I suppose now we have the semblance of a free press in Iraq and the beginnings of democracy, otherwise none of this would have reached the media of the world. This, at least, is something to be grateful for.
I have heard said by some that it is worse to be tortured and humiliated by foreign forces or an invading army, than it is by your own people and government. I can't help feeling the exact opposite of this. In my opinion, nothing in the world is more demoralising, painful or unforgivable than being tortured, mistreated, humiliated and wrongfully condemned by your own people.
We in the Middle East are guilty of this; maybe we should not be so self-important and self- righteous when criticising others. Let us work on ourselves before we rush to judge others.
House of glass
Sir-- The abuse of prisoners by American forces in Iraq have correctly bought condemnation worldwide. However, the outraged cries from some in the Arab world will never be taken seriously by most Westerners when it is widely believed that prisoners in many Arab countries are subject to different, but equally serious, abuse without any significant public complaint.
Worse yet, when a civilian who went to Iraq not with a gun but to help rebuild it is brutally decapitated on video, the reported reaction of many Arabs suggests they find it understandable.
Such sentiments reinforce the impression that the Middle East still struggles to find its place in the modern world, and that dialogue is impossible with those who would excuse the brutal killing of someone who came in peace.
Sir-- When one contemplates what happened and what is going on now in Iraq, one remembers the most famous tragedies of Shakespeare like Othello, Hamlet and King Lear. Like them, all the protagonists meet their bad end. Saddam -- the previous king rather than the president of Iraq -- lost his sons and was easily caught in a place which resembles an animal trap. The Anglo-American army has been suffering a lot since they conquered Iraq last year and many Sunni and Shia members of the resistance have been killed.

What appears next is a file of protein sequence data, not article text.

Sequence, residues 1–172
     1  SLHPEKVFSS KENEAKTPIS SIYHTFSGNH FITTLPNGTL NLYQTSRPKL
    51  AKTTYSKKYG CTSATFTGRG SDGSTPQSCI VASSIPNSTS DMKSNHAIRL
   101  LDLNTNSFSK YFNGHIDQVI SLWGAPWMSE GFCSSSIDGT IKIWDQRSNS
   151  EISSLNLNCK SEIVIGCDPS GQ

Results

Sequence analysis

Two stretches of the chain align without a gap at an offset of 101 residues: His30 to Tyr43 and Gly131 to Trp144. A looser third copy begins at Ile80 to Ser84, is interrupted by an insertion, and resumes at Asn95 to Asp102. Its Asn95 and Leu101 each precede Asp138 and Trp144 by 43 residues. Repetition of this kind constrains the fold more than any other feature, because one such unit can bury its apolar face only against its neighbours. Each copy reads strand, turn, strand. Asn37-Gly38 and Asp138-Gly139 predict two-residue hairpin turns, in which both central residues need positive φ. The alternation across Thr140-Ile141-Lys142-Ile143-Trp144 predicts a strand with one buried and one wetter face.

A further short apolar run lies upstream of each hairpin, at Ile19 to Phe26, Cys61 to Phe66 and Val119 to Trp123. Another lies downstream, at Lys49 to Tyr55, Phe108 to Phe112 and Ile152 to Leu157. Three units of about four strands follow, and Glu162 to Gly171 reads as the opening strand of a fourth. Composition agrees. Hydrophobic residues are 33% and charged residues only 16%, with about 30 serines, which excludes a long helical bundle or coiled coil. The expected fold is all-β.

One thing remains to be said. In most of his tragedies Shakespeare let a minor character tell the tale to the coming generations. But the storyteller this time will be the main character because it will be the Iraqi people themselves.
Humbled by knowledge
Sir-- The president of our country does not speak for all of us, nor do his administrators in Washington. I do not see the Palestinians as the sole obstacle in obtaining a peaceful outcome. Government-sponsored murder, the type Israel openly engages in, is murder nonetheless. It will take both sides, the Israelis included, to turn away from violence before peace is possible. But leaving the peace process itself aside, I would like to comment on the American public in general. We are a people in unique circumstances and I'm afraid we are failing in our unsolicited (somewhat) responsibility.